Featured Books


Classification and Major Causes of Acute Renal Failure

Prerenal ARF 
I. Hypovolemia
  A. Increased extracellular fluid losses: hemorrhage
  B. Gastrointestinal fluid loss: vomiting, diarrhea, enterocutaneous fistula
  C. Renal fluid loss: diuretics, osmotic diuresis, hypoadrenalism, nephrogenic diabetes insipidus
  D. Extravascular sequestration: burns, pancreatitis, severe hypoalbuminemia (hypoproteinemia)
  E. Decreased intake: dehydration, altered mental status
II. Altered renal hemodynamics resulting in hypoperfusion
  A. Low cardiac output state: diseases of the myocardium, valves, and pericardium (including tamponade); pulmonary hypertension or massive pulmonary embolism leading to right and left heart failure; impaired venous return (e.g., abdominal compartment syndrome or positive pressure ventilation)
  B. Systemic vasodilation: sepsis, antihypertensives, afterload reducers, anaphylaxis
  C. Renal vasoconstriction: hypercalcemia, catecholamines, calcineurin inhibitors, amphotericin B
  D. Impairment of renal autoregulatory responses: cyclooxygenase inhibitors (e.g., nonsteroidal anti-inflammatory drugs), angiotensin-converting enzyme inhibitors, or angiotensin II receptor blockers
  E. Hepatorenal syndrome
Intrinsic ARF 
I. Renovascular obstruction (bilateral, or unilateral in the setting of one kidney)
  A. Renal artery obstruction: atherosclerotic plaque, thrombosis, embolism, dissection aneurysm, large vessel vasculitis
  B. Renal vein obstruction: thrombosis or compression
II. Diseases of the glomeruli or vasculature
  A. Glomerulonephritis or vasculitis
  B. Other: thrombotic microangiopathy, malignant hypertension, collagen vascular diseases (systemic lupus erythematosus, scleroderma), disseminated intravascular coagulation, preeclampsia
III. Acute tubular necrosis
  A. Ischemia: causes are the same as for prerenal ARF, but generally the insult is more severe and/or more prolonged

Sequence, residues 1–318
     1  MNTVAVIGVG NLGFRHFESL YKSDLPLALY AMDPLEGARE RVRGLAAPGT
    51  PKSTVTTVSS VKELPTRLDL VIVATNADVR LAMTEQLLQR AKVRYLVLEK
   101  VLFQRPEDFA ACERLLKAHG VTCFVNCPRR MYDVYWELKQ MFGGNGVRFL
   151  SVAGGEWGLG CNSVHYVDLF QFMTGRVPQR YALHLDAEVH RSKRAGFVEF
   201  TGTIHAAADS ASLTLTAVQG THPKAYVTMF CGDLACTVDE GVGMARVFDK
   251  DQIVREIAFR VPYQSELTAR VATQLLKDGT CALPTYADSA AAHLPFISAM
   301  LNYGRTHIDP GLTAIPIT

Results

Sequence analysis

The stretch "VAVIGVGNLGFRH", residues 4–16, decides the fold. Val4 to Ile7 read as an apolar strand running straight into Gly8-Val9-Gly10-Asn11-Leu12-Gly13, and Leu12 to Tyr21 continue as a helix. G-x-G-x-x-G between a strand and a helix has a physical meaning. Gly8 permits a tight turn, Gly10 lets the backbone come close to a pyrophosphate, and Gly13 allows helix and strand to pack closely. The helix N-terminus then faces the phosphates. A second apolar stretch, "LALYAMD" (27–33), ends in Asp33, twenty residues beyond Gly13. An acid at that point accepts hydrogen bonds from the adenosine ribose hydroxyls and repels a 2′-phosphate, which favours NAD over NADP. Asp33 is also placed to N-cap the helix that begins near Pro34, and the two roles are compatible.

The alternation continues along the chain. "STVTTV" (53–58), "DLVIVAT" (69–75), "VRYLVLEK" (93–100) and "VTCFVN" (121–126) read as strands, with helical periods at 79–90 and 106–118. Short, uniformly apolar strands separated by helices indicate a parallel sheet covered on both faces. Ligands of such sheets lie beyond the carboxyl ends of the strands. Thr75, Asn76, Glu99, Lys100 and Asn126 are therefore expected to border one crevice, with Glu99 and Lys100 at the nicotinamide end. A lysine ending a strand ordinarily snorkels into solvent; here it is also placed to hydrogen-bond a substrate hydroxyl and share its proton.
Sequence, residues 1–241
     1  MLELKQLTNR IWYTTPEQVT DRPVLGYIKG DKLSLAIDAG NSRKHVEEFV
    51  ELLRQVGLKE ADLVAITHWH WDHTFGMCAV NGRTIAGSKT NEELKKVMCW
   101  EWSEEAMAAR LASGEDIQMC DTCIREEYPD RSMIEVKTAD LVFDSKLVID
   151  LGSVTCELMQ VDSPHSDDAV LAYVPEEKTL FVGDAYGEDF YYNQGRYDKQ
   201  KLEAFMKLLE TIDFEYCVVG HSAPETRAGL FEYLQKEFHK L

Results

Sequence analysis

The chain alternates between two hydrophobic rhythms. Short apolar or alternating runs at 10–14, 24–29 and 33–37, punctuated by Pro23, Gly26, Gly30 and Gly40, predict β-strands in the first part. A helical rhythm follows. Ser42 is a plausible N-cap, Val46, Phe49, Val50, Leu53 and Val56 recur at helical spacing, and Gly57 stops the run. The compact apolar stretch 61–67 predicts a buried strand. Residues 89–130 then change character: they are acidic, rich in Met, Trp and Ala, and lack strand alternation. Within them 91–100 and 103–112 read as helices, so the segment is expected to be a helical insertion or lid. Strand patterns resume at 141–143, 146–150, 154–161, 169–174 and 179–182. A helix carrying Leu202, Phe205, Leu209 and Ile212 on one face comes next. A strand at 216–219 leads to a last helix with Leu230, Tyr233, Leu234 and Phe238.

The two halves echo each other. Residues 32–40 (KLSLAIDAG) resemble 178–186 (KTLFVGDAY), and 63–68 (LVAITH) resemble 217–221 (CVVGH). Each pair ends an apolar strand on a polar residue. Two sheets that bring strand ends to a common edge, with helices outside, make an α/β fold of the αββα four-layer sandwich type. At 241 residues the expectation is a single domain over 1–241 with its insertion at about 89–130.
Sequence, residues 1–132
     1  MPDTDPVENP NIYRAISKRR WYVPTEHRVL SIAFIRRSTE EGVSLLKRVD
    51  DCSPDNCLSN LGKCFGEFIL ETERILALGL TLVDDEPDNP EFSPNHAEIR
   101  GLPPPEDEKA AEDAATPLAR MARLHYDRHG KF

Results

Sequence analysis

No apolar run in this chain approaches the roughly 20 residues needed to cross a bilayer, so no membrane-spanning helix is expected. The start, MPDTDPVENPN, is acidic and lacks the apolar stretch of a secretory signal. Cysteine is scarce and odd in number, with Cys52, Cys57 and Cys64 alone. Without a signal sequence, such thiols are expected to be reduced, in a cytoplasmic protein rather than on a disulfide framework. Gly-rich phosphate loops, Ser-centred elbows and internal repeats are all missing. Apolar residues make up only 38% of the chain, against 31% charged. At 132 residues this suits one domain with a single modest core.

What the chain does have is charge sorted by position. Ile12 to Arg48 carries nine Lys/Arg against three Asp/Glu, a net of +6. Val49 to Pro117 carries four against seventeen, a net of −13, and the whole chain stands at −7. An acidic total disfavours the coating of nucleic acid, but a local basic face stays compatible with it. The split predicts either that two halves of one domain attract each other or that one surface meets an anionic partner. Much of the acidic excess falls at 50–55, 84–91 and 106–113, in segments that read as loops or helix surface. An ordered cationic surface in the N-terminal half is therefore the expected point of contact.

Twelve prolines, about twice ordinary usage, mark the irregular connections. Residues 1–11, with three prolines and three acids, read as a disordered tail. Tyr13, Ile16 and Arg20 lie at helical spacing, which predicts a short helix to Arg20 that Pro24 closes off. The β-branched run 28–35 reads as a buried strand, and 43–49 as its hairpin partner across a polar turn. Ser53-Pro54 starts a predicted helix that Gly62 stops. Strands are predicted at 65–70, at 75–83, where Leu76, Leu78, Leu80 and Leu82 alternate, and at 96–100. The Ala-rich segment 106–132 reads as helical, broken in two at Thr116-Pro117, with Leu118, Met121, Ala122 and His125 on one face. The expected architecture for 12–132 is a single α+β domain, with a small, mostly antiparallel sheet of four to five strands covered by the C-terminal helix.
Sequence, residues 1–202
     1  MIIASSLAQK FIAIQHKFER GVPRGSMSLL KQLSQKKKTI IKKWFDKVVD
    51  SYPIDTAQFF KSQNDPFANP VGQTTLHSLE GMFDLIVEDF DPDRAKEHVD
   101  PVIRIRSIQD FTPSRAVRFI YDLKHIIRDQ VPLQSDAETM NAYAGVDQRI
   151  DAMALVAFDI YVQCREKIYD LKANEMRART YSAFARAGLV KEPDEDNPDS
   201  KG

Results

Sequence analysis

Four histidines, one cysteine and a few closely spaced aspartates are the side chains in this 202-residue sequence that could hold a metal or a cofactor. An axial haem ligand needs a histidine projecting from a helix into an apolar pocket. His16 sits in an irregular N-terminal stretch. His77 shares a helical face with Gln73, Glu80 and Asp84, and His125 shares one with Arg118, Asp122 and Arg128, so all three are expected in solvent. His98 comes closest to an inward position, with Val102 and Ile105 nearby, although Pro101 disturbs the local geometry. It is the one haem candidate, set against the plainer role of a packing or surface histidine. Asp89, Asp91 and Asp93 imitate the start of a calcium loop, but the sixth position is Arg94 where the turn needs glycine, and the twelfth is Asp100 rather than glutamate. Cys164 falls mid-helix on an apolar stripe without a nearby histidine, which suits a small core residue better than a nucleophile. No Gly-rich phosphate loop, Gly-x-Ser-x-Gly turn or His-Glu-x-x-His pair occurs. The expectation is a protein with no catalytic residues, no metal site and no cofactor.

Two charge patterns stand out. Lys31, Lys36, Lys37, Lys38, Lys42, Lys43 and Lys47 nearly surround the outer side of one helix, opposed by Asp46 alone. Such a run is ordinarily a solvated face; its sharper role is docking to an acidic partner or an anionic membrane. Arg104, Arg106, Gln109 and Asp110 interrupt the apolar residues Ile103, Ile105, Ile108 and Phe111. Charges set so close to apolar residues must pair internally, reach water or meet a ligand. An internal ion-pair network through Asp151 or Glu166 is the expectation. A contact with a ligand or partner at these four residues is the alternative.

B. Infection, with or without sepsis syndrome
  C. Toxins:
    1. Exogenous: radiocontrast, calcineurin inhibitors, antibiotics (e.g., aminoglycosides), chemotherapy (e.g., cisplatin), antifungals (e.g., amphotericin B), ethylene glycol
    2. Endogenous: rhabdomyolysis, hemolysis
IV. Interstitial nephritis
  A. Allergic: antibiotics (β-lactams, sulfonamides, quinolones, rifampin), nonsteroidal anti-inflammatory drugs, diuretics, other drugs
  B. Infection: pyelonephritis (if bilateral)
  C. Infiltration: lymphoma, leukemia, sarcoidosis
  D. Inflammatory, nonvascular: Sjögren's syndrome, tubulointerstitial nephritis with uveitis
V. Intratubular obstruction
  A. Endogenous: myeloma proteins, uric acid (tumor lysis syndrome), systemic oxalalosis
  B. Exogenous: acyclovir, gancyclovir, methotrexate, indinavir
Postrenal ARF (Obstruction) 
I. Ureteric (bilateral, or unilateral in the case of one kidney): calculi, blood clots, sloughed papillae, cancer, external compression (e.g., retroperitoneal fibrosis)
II. Bladder neck: neurogenic bladder, prostatic hypertrophy, calculi, blood clots, cancer
III. Urethra: stricture or congenital valves

Referensi : Harrison's Principles of Internal Medicine 17th Edition (McGraw-Hill) 2008

Copyright 2010 ReadingFirst | Digital Bookstore - All Rights Reserved.
Designed by Web2feel.com | Bloggerized by Lasantha - Premiumbloggertemplates.com | Affordable HTML Templates from Herotemplates.com.